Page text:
Weeks Eight and Nine in CSC 442 Section B at UIS Transcript


Today's podcast is about Weeks Eight and Nine in CSC 442 Section B at the University of Illinois at Springfield.  For more information, visit the blog at csc442b.blogspot.com.


Well, welcome back!  This is Burks Oakley, and I'm speaking to you this morning from suburban Minneapolis, Minnesota.  Today is Sunday, March 23rd, 2014.  I'm here in Minnesota visiting our older daughter and her family - so this week, I'll be answering to the name of "Grandpa Burks".  Our daughter has two children, and another on the way.  I took several days driving here, and I had a good day taking photos of birds near the Mississippi River yesterday.  Of course, it was a real shock to my system to go back to winter - gosh, I was able to play golf in Champaign earlier in the week.  But it clearly is still winter here in Minneapolis.

OK now, on with the podcast.

I was really busy this past week grading the papers that you all submitted for the Paper One assignment.  There were some excellent papers, and it is clear to me that the students who wrote these papers put a major effort into this assignment, and their hard work definitely paid off! But I have to say that I'm really disappointed by a number of the papers that were submitted for this assignment - they just were not very well written.  I honestly don't know if this is because some students didn't put much effort into this assignment, or if these students simply are lacking the skills needed to write a college-level paper.  Since our course is an upper-division general education course, everyone should have completed Composition I and II, and know how to write a paragraph!  [I've never given so many low grades on an assignment in the CSC442 class before, and I'm really troubled by this.]  At any rate, in the next day or so, I'll be everyone an e-mail note with information about how to access their graded papers, which contain my detailed comments.  Don't hesitate to contact me if you have a question about how I graded your paper.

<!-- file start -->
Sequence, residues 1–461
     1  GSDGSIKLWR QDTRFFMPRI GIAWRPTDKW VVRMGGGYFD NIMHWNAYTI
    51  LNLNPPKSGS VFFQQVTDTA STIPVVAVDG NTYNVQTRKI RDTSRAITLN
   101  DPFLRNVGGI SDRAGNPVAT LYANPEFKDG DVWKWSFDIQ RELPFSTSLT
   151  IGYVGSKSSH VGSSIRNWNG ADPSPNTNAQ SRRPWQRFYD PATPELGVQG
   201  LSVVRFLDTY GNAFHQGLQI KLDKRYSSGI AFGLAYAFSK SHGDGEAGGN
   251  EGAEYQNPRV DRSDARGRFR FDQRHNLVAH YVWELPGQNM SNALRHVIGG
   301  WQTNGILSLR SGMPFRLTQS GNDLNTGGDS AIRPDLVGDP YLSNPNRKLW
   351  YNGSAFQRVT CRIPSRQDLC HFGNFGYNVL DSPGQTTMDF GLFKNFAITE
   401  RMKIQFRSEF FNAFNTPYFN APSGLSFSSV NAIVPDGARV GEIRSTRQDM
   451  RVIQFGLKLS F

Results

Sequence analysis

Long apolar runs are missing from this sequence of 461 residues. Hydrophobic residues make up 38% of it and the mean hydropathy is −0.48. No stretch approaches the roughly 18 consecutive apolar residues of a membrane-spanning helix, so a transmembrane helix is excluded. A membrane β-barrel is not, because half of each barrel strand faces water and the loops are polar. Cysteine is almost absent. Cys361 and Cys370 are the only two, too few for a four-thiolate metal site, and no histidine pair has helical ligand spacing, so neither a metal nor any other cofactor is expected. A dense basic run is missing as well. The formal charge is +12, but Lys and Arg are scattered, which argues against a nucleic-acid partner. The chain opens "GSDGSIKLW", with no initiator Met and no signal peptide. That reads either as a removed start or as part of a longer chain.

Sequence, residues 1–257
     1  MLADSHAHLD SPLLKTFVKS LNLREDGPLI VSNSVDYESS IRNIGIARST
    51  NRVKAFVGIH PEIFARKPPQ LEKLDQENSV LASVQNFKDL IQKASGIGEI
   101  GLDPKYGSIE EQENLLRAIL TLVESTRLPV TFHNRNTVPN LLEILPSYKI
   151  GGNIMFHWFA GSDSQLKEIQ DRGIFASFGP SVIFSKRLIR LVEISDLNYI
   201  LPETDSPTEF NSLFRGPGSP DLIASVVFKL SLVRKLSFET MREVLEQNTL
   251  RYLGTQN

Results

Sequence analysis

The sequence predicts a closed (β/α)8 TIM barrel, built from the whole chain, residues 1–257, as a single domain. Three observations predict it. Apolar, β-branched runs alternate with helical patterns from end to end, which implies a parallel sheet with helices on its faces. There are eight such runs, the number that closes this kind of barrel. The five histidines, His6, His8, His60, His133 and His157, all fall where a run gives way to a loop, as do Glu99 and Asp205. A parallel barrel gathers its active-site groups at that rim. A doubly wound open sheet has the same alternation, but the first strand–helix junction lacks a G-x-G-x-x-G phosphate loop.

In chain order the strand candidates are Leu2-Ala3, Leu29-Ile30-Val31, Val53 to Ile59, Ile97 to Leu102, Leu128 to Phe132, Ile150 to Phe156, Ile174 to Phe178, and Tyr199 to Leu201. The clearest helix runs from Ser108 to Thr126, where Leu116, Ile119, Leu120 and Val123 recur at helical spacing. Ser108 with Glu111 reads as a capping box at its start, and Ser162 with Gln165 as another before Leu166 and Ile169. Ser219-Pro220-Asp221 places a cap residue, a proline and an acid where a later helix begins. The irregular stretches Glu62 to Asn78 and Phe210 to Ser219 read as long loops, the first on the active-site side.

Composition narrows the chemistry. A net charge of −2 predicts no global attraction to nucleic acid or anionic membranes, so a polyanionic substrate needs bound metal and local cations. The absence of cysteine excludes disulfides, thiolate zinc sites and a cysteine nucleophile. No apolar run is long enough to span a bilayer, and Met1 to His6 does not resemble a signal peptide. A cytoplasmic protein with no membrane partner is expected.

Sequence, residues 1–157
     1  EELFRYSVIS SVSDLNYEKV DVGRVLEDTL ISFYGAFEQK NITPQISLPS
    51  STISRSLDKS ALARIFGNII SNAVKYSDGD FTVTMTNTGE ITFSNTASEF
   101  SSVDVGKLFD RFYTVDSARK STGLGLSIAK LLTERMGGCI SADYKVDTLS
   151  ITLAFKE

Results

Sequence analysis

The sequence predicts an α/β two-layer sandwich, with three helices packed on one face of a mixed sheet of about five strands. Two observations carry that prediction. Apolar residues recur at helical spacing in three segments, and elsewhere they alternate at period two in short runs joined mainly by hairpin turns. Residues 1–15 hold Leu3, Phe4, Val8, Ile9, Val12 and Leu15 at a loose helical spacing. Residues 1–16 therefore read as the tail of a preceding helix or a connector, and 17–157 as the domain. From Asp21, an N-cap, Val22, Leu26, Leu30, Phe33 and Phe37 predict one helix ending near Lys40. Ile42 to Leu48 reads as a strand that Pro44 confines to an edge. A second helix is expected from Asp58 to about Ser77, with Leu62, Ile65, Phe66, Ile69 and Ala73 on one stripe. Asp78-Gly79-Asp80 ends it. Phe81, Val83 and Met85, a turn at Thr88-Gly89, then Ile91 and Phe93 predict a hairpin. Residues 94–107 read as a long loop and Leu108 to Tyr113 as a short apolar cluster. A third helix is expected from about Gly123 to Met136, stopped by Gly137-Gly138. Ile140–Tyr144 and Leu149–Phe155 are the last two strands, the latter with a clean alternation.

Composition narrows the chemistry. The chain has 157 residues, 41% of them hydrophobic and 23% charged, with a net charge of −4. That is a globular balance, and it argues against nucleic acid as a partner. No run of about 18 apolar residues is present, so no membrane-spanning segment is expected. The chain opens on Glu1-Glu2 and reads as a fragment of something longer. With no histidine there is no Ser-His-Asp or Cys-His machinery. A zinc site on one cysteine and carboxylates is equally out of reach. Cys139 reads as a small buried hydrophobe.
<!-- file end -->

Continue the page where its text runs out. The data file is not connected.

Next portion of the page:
OK, now, on with the podcast.  This past week, in Week Eight of our course, we looked at the role of the Internet in politics, including campaigns and elections, as well as in government and civic engagement.  Certainly a topic that is, or at least should be, relevant to all of us.